Review – Batman: Detective Comics #1033 – Father and Son

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Detective Comics #1033 cover, via DC Comics.

Batman: Detective Comics #1033 – Peter J. Tomasi, Writer; Brad Walker, Penciller; Andrew Hennessy, Inker; Dave McCaig, Colorist

Ray – 9/10

Ray: Pete Tomasi has had a long run on Bat-books, arguably being the writer who defined Damian Wayne the most—even more than his creator Grant Morrison. So it’s fitting that his final issue on the franchise (save the digital-first Super-Sons series which just started) is focused on the father-and-son dynamic of Bruce and his son. Damian may be estranged from the Bat-family, but he has no problem teaming up with Bruce to save the rest of the family from Hush. While father and son still disagree on the level of violence to use, it’s clear there’s still a strong bond there. The rest of the Bat-family barely appears in this issue, spending most of it unconscious in a chloroform haze, so the focus is firmly on Bruce and Damian as they go up against a twisted lunatic with ties to Bruce’s past. And what stands out about this issue is that this may be the sickest Hush we’ve ever seen in a Bat-book.

Bats in flight. Via DC Comics.

Tommy Elliott has always been a tricky Bat-villain, with few writers able to agree on just how far he’s willing to go to take over Bruce’s life. The reveal by Damian two issues ago that Hush had been plotting to kill Bruce before there was even a Batman adds some new layers to this conflict, and the final fight between them this issue is particularly brutal. But while Hush will never be one of my favorite Bat-foes, he makes a strong foil this issue. Hanging over the entire conflict is Alfred’s death, and the conversation between Bruce and Damian this issue is one of the best we’ve gotten in terms of fallout. The ending, which has Bruce saying goodbye to Wayne Manor and Christopher Nanako winning the Mayoral race and setting into motion a harsher climate for Batman has strong potential for the next run. But who was the Mirror? Was it another alias for Hush, or someone else lurking in the background? I hope these subplots are picked up on by Mariko Tamaki, because Tomasi has set up many interesting things here.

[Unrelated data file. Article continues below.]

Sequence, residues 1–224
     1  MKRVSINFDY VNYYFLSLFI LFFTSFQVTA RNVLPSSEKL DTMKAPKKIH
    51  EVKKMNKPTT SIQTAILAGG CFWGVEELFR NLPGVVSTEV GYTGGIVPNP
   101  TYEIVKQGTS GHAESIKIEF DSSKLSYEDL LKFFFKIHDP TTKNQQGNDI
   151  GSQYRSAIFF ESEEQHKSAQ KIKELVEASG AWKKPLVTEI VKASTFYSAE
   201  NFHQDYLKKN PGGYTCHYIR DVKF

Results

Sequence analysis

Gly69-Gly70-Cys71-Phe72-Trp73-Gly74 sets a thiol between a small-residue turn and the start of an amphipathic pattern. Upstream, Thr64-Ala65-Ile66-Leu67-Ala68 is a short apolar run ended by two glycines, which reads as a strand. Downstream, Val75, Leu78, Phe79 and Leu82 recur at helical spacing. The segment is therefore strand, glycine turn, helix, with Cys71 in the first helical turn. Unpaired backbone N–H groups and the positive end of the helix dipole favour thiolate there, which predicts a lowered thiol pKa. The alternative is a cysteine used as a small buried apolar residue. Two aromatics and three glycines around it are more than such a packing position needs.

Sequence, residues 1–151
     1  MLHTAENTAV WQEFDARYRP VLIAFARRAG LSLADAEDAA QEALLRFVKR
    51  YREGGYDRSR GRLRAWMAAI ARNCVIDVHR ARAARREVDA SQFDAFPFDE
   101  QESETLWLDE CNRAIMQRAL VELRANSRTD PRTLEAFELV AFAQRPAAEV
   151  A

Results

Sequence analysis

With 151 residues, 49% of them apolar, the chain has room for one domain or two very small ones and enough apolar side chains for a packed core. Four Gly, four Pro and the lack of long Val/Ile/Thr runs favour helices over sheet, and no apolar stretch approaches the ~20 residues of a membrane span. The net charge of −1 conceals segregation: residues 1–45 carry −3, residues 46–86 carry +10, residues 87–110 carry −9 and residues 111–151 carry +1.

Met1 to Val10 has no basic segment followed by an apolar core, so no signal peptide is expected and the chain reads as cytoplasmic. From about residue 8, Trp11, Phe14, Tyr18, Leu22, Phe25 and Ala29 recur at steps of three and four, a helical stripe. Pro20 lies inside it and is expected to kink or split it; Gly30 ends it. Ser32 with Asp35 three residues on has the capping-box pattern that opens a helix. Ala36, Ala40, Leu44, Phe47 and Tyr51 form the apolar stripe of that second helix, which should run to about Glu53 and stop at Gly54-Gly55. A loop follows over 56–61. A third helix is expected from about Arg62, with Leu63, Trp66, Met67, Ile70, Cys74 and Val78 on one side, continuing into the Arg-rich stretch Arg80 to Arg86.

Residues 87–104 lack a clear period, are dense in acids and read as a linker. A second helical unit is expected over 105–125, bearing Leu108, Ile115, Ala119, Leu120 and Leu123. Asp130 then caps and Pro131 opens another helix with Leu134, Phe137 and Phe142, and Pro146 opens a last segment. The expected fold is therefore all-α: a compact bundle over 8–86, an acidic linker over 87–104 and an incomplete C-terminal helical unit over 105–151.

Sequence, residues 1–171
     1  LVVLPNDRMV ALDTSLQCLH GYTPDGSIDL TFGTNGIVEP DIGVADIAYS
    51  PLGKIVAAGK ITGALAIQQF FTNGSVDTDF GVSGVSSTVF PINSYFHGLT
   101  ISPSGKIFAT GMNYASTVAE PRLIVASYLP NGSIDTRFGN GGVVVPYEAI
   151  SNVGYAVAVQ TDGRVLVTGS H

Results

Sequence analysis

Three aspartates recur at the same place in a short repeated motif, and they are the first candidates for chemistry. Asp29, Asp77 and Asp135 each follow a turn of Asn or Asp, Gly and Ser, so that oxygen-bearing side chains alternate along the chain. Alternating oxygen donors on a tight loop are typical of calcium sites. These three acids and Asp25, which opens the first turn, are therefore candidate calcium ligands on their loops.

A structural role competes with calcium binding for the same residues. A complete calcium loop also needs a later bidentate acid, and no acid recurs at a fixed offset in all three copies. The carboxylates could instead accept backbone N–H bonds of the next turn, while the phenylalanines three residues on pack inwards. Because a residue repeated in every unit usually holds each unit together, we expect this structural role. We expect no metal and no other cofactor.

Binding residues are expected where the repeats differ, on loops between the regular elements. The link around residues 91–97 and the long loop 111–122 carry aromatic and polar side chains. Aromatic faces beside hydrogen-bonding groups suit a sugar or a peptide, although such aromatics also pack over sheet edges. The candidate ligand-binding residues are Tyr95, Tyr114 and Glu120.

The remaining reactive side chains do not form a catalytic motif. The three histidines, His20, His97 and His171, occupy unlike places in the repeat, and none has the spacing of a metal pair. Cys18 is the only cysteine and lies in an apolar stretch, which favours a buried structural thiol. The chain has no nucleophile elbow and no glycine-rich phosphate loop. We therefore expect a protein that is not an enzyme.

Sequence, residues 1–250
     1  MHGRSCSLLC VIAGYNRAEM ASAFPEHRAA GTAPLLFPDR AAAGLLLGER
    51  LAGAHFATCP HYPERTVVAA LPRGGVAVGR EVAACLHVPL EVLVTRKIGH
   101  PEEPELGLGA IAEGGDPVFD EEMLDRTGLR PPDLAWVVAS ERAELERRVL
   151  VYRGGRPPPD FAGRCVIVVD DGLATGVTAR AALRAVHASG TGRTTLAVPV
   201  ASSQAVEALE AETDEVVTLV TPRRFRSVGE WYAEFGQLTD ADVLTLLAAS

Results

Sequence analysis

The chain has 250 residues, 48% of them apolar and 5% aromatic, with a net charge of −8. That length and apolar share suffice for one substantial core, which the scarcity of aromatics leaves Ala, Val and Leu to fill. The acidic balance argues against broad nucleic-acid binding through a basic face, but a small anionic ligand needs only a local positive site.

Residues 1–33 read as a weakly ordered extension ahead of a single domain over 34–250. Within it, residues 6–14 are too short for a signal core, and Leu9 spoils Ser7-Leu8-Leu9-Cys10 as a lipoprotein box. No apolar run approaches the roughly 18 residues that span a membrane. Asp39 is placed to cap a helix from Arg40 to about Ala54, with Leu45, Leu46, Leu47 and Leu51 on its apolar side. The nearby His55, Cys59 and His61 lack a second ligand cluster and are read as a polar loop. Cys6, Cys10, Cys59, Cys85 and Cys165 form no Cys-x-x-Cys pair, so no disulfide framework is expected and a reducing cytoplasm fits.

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GeekDad received this comic for review purposes.

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